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Woman on a seesaw: the ups and downs of making it.

Hilary Cosell grew up thinking she had her life all figured out. She subscribed to the simple feminist position that success in the workplace equals success in life. Then, after a college degree, an M.A. in journalism, and five years under her belt as a television producer, Cosell became confused. Like a case study from Betty Friedan's The Second Stage, Cosell found that it was not enough to be professionally successful. Pushing 30, Cosell wanted a husband, probably children, and the stability and commitment that a family brings.

Cosell's thesis is that women have somehow been caught seesawing between the professional and personal ends of their lives--it's all of one or all of the other--and are unable to balance in the Middle. Women's lot, as she describes it, sounds quite depressing: single working women are afraid of getting married (for the compromises it will demand in time or energy) and of not getting married (for the "completion" they'll never have). Mothers without jobs are secretly envied for enjoying the richness of family, but at the same time are sneered at for having dropped out of the big-time world of professions, presumably because they couldn't cut it there. Even the superwoman with both families and careers are really "stuporwomen," argues Cosell. They're frazzled, wrung out, and unable to enjoy the fruits of either kind of labor.

In large part, Cosell correctly blames feminism for leaving women in these binds. The most important fact about the women's movement, of course, is that it has done women a lot of good by offering them opportunities in the professional world they never before dared strive for. But the movement has also done women a lot of bad by endorsing the traditional male idea that work alone means success and that life outside work barely counts.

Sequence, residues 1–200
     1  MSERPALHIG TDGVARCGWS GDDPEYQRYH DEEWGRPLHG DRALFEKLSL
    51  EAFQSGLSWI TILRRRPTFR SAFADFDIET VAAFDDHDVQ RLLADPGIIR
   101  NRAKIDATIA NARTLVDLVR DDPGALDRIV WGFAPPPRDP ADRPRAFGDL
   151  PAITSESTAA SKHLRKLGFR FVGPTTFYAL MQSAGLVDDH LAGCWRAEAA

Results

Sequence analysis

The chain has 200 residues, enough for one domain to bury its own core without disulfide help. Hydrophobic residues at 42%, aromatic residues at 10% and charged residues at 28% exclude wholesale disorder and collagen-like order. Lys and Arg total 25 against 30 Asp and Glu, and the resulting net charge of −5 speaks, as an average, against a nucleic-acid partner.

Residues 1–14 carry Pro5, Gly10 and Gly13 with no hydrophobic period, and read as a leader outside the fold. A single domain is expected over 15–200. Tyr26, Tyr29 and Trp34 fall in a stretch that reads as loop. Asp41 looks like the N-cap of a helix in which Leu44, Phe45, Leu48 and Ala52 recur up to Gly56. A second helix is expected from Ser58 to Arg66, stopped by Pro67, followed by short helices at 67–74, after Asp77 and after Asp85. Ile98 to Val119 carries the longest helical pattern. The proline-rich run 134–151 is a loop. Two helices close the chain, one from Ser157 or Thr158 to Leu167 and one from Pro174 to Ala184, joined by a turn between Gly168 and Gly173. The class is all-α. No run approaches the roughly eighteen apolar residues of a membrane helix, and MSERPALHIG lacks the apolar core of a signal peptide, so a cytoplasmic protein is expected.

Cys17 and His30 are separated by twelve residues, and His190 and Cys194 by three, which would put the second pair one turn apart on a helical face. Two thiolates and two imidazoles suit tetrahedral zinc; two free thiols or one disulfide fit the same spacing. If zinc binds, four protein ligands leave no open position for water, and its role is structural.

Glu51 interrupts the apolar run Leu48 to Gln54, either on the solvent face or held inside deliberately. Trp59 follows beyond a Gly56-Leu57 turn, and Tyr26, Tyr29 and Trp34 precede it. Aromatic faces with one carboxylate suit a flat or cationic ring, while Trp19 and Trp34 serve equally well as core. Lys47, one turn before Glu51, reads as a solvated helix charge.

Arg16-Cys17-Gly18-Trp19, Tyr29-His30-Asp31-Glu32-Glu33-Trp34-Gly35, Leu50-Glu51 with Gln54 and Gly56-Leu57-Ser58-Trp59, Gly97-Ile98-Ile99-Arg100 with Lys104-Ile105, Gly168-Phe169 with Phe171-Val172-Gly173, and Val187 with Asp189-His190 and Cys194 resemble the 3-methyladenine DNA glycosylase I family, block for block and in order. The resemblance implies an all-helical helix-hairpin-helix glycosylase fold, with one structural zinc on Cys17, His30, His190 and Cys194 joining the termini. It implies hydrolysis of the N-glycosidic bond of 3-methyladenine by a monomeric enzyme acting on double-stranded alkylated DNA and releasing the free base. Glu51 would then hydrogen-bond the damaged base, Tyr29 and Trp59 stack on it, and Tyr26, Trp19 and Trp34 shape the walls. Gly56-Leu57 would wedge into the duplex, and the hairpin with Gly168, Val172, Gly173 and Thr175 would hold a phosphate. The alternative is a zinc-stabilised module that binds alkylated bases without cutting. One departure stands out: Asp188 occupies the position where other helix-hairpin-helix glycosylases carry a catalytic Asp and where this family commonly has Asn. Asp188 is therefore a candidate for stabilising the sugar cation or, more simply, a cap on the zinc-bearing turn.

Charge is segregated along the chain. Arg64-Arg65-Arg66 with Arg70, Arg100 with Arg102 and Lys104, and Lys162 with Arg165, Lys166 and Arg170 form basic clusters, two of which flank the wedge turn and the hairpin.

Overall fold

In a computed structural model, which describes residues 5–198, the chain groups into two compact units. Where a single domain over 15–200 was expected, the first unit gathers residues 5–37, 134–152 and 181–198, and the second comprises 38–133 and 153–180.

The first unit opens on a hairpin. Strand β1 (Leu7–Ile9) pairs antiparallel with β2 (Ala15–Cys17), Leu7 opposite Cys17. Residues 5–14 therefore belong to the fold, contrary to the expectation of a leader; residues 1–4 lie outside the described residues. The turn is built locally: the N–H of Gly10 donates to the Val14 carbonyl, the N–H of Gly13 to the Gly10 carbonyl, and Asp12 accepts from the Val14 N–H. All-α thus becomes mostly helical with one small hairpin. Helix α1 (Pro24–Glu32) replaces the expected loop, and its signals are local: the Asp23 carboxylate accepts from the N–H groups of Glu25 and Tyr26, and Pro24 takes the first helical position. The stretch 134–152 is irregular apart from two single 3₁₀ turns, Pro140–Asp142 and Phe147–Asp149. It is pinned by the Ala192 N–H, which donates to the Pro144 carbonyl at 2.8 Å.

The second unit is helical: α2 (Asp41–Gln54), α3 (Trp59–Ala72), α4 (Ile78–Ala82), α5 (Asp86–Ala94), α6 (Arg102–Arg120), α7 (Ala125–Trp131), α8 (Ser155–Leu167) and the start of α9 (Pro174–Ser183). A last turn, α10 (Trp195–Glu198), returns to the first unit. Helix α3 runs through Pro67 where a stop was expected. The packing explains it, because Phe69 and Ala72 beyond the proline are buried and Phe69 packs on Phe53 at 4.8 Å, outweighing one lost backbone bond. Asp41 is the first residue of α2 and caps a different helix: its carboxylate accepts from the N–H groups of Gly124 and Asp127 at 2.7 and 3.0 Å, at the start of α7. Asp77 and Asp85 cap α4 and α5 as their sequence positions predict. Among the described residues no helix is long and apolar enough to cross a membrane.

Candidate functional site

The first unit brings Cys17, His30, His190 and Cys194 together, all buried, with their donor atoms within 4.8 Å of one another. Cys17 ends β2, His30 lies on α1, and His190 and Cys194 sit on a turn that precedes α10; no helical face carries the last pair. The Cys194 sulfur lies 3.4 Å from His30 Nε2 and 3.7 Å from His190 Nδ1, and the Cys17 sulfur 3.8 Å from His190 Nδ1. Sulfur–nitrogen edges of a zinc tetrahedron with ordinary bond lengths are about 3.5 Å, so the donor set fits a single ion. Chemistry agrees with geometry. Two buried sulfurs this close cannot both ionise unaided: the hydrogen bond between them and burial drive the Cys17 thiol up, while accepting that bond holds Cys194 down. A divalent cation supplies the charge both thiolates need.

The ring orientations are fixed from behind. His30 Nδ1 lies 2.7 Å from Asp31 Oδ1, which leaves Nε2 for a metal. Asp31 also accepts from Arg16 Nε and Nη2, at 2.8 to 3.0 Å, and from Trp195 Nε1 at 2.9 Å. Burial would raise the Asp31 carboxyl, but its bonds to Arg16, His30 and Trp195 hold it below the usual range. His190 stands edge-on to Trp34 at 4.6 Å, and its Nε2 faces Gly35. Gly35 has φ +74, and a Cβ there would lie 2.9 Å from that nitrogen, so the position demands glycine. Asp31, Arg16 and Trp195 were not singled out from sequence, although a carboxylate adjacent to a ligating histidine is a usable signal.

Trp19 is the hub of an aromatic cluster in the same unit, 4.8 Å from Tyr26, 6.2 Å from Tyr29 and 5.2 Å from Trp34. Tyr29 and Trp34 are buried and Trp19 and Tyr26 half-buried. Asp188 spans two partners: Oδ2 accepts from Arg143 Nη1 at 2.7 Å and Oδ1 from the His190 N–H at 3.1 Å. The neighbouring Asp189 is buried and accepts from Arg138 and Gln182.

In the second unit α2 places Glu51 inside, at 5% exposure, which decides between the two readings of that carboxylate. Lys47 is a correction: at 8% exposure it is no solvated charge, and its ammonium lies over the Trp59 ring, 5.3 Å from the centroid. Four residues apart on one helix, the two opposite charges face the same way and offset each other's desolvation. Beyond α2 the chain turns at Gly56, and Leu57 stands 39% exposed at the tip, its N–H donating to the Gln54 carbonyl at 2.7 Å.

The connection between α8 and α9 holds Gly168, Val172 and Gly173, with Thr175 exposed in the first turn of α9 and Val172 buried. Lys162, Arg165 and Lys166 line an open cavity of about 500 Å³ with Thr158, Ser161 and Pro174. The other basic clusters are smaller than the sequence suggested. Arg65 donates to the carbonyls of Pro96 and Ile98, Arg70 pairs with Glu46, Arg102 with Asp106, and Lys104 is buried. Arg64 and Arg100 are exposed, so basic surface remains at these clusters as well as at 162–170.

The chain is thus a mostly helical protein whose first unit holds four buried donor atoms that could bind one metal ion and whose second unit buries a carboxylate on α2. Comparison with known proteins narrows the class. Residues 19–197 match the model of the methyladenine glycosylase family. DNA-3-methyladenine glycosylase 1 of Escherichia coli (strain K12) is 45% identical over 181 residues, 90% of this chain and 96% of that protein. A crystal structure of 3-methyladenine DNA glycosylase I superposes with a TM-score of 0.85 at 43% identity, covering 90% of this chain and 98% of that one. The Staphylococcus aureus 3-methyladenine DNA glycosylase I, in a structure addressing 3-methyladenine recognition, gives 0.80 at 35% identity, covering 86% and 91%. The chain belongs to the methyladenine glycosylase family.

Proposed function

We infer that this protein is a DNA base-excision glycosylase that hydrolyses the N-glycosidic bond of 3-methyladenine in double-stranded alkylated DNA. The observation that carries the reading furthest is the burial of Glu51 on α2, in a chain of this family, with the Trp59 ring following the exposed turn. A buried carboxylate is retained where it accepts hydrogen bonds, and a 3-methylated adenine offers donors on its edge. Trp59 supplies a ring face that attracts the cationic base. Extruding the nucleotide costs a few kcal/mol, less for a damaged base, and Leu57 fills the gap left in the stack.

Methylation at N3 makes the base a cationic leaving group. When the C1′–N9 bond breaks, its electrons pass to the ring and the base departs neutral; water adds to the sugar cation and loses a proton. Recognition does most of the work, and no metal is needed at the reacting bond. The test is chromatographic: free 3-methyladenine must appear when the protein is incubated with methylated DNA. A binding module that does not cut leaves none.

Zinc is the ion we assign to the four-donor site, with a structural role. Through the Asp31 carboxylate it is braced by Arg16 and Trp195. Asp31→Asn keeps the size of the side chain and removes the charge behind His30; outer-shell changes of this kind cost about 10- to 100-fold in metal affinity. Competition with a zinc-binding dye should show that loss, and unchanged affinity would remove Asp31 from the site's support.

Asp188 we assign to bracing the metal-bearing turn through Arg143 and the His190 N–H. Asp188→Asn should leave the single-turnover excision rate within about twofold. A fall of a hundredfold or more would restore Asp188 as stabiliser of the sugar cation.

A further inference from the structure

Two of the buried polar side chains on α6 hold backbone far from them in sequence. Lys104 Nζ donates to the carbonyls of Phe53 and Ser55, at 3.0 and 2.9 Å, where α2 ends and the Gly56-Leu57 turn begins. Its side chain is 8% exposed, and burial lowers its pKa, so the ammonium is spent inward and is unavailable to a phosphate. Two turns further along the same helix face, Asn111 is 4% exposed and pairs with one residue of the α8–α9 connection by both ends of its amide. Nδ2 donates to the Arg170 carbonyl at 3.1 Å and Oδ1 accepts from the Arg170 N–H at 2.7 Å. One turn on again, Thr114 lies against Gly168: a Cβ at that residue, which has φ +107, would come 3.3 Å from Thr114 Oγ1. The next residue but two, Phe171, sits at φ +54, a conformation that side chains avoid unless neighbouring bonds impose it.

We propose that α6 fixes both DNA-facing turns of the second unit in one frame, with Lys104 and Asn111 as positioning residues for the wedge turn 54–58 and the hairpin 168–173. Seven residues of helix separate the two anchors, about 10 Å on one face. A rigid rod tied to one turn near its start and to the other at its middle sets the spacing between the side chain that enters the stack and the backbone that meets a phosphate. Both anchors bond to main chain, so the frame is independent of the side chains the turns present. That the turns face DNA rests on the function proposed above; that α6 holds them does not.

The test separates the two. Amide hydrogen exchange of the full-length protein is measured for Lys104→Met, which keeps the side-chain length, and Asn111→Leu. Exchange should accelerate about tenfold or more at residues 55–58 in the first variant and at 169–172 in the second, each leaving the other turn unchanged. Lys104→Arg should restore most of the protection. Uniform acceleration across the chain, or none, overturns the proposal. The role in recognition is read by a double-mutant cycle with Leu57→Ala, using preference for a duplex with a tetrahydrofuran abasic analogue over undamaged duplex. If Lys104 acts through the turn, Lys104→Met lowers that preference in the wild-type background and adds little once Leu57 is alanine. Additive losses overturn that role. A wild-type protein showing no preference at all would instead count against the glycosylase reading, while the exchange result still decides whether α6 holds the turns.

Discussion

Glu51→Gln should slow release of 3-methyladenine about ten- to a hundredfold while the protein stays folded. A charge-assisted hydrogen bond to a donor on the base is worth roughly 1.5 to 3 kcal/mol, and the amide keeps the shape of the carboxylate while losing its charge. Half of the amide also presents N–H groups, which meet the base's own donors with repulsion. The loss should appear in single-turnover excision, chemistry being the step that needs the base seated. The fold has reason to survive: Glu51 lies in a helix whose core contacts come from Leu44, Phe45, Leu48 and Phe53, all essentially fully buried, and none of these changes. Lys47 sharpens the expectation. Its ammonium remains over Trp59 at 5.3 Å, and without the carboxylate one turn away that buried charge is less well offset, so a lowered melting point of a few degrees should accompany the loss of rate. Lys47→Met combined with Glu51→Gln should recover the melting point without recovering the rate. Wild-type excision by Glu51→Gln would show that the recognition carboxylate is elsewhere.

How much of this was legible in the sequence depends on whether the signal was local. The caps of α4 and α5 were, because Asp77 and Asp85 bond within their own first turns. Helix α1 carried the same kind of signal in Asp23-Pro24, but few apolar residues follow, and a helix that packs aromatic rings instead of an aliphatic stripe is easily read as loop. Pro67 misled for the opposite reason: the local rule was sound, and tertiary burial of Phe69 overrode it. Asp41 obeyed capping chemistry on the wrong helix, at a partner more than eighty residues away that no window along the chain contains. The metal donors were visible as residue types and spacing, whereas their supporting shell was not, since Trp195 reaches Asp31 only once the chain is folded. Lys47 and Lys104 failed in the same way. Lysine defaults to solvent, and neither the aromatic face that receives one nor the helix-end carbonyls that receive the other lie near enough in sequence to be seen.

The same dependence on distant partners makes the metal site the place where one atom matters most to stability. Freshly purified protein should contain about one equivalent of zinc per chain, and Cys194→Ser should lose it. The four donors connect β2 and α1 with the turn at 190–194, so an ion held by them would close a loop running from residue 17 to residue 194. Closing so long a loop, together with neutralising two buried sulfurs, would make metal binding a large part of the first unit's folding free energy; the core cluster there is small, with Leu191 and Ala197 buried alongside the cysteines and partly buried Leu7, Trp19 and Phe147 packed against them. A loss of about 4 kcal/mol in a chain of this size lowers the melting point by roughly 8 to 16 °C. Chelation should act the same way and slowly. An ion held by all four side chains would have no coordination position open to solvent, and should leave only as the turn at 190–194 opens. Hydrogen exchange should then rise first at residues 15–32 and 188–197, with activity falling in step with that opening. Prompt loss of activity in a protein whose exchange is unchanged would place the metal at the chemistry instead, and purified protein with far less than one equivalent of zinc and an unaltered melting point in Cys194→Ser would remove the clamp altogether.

Cosell may have started out with a good idea--to explore how the imbalance between work and families in women's lives causes joy and anguish, fulfillment and emptiness. But it's a good idea with poor execution: Cosell admits she is confused bout life's many paths. And she writes as if she's just wallowing in the confusion, rather than thinking through the alternatives and offering the reader a new way to think about life. At a minimum, Cosell could have more honestly guided us through the decisive moments of her own life. After all, she did quite her TV job, and she did recently get married. Yet she backs off exploring her own decisions or finding a message for women in general. "Here come the gibberings and the I dunnos; search me; your guess is as good as mine. How-tos are not my forte," she rambles cutely.

Cosell tells us the least interesting things about herself. We read that she was a comfortable middle class liberal, an Easterner, a feminist, a journalist, a New Yorker at heart. But these are boring labels that only give us a caricature. She could be any one of a thousand faces. Cosell teases us along into figuring out whose daughter she is (we can all guess Howard must be her dad), but she won't talk about it. Certainly this must have had a large impact on her life. What is it like? What has it meant to her?

The book's few thoughtful moments come from Cosell's interviewees. From one full-time mother: "I don't believe that being a mother, a nonworking mother, has to be a position of powerlessness and victimization and unimportance.

"If it becomes that, then I think that women are at fault in some way... It means that, once again, women have allowed themselves to be told who they are and who they must be."

Hilary Cosell's book is about ideas that many women and men are thinking about. Unfortunately, the thinking she has done is neither stimulating nor enlightening.
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Author:Fallows, Deborah
Publication:Washington Monthly
Article Type:Book Review
Date:Jul 1, 1985
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